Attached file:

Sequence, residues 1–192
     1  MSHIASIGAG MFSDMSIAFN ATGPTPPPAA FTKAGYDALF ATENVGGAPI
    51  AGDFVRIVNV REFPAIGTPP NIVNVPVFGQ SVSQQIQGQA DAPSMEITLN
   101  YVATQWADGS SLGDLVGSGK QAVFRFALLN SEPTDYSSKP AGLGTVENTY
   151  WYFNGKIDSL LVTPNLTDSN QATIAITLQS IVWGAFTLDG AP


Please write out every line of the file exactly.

Sequence, residues 1–192
     1  MSHIASIGAG MFSDMSIAFN ATGPTPPPAA FTKAGYDALF ATENVGGAPI
    51  AGDFVRIVNV REFPAIGTPP NIVNVPVFGQ SVSQQIQGQA DAPSMEITLN
   101  YVATQWADGS SLGDLVGSGK QAVFRFALLN SEPTDYSSKP AGLGTVENTY
   151  WYFNGKIDSL LVTPNLTDSN QATIAITLQS IVWGAFTLDG AP